Alexander Jamieson is not a household name and yet his work displays all the hallmarks of a great colourist. Born in Glasgow in 1873, he was living in Paris at the turn of the 20th Century and finding inspiration in the avante-garde art movements of the time. Whilst in Paris, he met and was influenced by many of the Impressionist artists working in the city at the time, particularily the work of Manet and his ‘alla prima’ (wet-on-wet) technique.
His work is largely unknown; not much information exists online about the artist and his wife, Gertrude ‘Biddy’ Macdonald. They married in 1907 and settled in a studio in the Cromwell Road, South Kensington. After the war, they moved with their daughter Katherine to a cottage in the village of Weston Turville in the Vale of Aylesbury, Buckinghamshire. They ran a series of summer art classes both at home and in France and Belgium although there is not much recorded information about these summer sessions.
His work perfectly captures light and shade through the layered scenes of his compositions. Swift and large brushstrokes manage to capture fleeting moments in parks and gardens. He focused primarily on landscapes and outdoor scenes, only rarely producing portraits.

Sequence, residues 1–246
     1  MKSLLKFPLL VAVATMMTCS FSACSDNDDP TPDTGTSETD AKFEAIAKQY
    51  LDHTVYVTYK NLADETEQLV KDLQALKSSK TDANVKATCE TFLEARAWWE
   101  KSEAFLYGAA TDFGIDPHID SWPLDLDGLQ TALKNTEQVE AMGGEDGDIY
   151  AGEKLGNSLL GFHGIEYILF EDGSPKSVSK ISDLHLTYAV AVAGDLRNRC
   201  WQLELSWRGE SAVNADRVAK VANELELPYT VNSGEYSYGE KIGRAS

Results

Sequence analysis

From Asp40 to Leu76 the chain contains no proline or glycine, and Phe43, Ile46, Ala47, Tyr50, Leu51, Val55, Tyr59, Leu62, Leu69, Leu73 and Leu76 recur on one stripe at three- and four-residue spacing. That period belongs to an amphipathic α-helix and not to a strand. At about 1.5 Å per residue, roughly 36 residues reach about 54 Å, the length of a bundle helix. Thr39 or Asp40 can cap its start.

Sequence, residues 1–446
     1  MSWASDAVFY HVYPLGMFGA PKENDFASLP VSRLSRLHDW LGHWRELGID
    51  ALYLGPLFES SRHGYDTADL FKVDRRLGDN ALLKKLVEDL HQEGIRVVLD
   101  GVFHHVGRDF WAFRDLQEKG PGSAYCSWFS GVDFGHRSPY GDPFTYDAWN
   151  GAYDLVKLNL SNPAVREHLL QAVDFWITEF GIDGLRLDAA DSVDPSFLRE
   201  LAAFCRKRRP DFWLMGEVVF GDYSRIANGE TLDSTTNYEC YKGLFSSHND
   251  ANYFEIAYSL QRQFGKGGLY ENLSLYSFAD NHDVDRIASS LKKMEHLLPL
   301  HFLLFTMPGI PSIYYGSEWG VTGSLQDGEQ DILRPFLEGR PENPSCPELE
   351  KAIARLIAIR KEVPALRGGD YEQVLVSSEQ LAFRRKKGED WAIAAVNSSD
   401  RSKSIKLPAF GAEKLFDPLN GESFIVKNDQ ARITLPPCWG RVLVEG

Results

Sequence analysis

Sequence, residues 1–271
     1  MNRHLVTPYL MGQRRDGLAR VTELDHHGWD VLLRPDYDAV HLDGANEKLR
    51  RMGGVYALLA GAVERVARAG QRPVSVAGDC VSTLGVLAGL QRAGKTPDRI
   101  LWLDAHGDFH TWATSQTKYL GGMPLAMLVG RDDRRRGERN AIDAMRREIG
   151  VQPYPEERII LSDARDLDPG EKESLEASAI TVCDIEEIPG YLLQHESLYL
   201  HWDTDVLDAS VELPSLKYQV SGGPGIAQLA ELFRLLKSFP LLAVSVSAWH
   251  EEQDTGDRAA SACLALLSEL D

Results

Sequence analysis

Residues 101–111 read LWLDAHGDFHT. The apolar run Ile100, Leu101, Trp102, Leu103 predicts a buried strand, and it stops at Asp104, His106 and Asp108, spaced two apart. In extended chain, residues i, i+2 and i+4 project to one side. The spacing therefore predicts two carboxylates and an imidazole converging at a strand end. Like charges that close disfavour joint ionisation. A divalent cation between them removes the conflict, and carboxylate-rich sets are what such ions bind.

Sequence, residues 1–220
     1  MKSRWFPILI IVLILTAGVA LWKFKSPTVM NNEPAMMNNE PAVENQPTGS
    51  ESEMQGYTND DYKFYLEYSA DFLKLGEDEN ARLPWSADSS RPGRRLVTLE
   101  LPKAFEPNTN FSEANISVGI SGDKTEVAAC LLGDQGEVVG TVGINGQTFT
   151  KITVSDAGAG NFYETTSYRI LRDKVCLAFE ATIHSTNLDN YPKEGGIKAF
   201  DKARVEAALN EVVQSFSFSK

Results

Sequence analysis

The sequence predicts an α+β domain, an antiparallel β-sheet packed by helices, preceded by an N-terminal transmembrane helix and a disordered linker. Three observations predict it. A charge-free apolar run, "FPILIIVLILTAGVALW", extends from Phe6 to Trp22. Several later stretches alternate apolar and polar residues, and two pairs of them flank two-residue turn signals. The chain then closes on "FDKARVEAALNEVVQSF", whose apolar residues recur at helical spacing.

With very little detail, his large dabs of paint manage to capture the essence of every scene. He had an extremely sensitive ability to create depth through contrast, dotting the canvas with sparks of paint to give his work a lively impression.
Sir John Lavery could not have put it better:
He dipped his brush in light and air … Many a time … I have been struck by his wonderful perception and clear judgement, his keen sense of colour and composition, allied with masterly technique, which enabled him to convey his impression in the simplest language.
Alexander Jamieson died aged 63, in London on 2 May 1937.